While saying that black actors “want opportunity — and not just once,” Rock made a point to note the complexity of the issues of inclusion and discrimination. “Everything is not sexism,” he said. “Everything is not racism.”
Fittingly for a year that had been widely considered more unpredictable than usual, the evening delivered a number of surprises, large and small.
Mark Rylance was an unexpected winner in the supporting actor category for his performance in the Cold War thriller “Bridge of Spies,” beating out Sylvester Stallone, who had widely been expected to score an Oscar knockout for his return to the role of Rocky Balboa in “Creed.”
The indie sci-fi film “Ex Machina” earned the visual effects prize, an upset in a category dominated by bigger, flashier films such as “Mad Max” and “Star Wars.”
Throughout the evening, the theme of honoring survivors of one kind or another recurred. Accepting the original screenplay award for “Spotlight,” which chronicles the Boston Globe's investigation uncovering the sexual abuse scandal among Catholic priests, the film's co-writer and director, Tom McCarthy, acknowledged both the reporters and the victims.
“We made this film for all the journalists who have and continue to hold the powerful accountable, and for the survivors whose courage and will to overcome is really an inspiration to all,” McCarthy said. “We have to make sure this never happens again.”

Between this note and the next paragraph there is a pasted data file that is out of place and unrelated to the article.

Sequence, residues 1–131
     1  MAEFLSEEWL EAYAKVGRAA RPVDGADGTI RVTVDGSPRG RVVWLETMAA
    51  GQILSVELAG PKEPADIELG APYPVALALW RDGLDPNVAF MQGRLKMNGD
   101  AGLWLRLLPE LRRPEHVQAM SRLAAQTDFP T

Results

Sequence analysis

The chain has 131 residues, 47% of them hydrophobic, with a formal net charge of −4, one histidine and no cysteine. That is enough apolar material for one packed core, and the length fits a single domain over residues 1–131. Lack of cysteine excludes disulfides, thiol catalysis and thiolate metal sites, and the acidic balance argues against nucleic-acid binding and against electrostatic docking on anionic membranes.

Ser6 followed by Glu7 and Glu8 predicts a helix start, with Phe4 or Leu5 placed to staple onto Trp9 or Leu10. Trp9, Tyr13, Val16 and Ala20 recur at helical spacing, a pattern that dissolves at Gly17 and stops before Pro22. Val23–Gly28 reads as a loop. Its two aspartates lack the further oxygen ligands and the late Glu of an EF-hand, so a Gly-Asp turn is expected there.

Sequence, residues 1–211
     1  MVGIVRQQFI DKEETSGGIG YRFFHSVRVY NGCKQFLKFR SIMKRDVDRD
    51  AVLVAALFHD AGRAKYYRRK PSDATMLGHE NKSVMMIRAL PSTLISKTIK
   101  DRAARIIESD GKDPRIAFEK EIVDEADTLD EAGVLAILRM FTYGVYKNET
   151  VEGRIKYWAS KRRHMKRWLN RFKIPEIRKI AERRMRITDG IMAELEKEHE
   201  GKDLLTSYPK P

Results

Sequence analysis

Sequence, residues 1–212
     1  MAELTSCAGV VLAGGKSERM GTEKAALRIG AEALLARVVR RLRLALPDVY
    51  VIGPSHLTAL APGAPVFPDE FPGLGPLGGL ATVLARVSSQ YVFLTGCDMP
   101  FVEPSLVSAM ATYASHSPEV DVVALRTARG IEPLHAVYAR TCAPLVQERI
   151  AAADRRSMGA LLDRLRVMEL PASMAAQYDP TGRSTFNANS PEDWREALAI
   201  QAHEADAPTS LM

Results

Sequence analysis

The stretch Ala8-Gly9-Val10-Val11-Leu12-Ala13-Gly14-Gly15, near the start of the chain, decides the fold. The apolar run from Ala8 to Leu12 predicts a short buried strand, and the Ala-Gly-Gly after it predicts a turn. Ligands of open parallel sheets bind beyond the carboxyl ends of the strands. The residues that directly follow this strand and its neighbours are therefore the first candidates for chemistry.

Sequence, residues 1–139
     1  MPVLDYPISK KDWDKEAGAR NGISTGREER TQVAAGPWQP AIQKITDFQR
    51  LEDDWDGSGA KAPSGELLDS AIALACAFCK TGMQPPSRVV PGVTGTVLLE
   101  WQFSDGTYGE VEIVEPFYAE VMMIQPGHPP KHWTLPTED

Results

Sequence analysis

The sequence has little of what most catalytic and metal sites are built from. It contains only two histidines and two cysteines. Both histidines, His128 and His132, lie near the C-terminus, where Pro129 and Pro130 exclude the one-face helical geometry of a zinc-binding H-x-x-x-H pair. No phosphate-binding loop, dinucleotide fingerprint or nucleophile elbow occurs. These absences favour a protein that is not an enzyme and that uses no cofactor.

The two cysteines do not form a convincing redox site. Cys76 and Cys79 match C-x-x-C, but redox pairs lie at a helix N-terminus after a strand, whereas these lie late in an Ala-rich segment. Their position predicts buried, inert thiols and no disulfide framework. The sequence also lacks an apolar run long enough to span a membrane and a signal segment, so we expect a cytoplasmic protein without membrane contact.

Late in the evening, Vice President Joe Biden took the stage to issue a call to end sexual violence, introducing Lady Gaga's rendition of her Oscar-nominated song “'Til It Happens to You” from the documentary film “The Hunting Ground,” a performance that earned a standing ovation.
Extending the survival theme further, DiCaprio devoted the bulk of his acceptance speech to an impassioned call to save the planet in the face of the global warming crisis, saying, “It is the most urgent threat facing our entire species and we need to work collectively and stop procrastinating.”
But it was the issue of diversity that dominated the proceedings, popping up in moments both earnest and humorous.
On the serious side, Academy President Cheryl Boone Isaacs, who has drawn both praise and criticism for spearheading dramatic changes aimed at doubling the number of women and minorities in the academy's ranks by 2020, spoke of the importance of extending opportunity to those who are underrepresented in the entertainment industry.
“While change is often difficult, it is necessary,” Boone Isaacs said. “I am confident that together we can shape a future of which all of us can be proud.”
But for the nominees, as always, the evening came down less to the sweeping issues facing the entire industry and more to smaller, more personal moments of drama.
At one point, Tom Hardy, a supporting actor nominee for “The Revenant,” was spotted pacing around the lobby, looking anxious.
Asked if his nerves had something to do with “The Revenant's” Oscar prospects, the British actor, who recently became a father for the second time, said no.
“I'm just waiting for my wife to finish breast pumping in the bathroom,” Hardy said wryly. “She has to do it every hour.”
Times staff writers Steven Zeitchik and Amy Kaufman contributed to this report.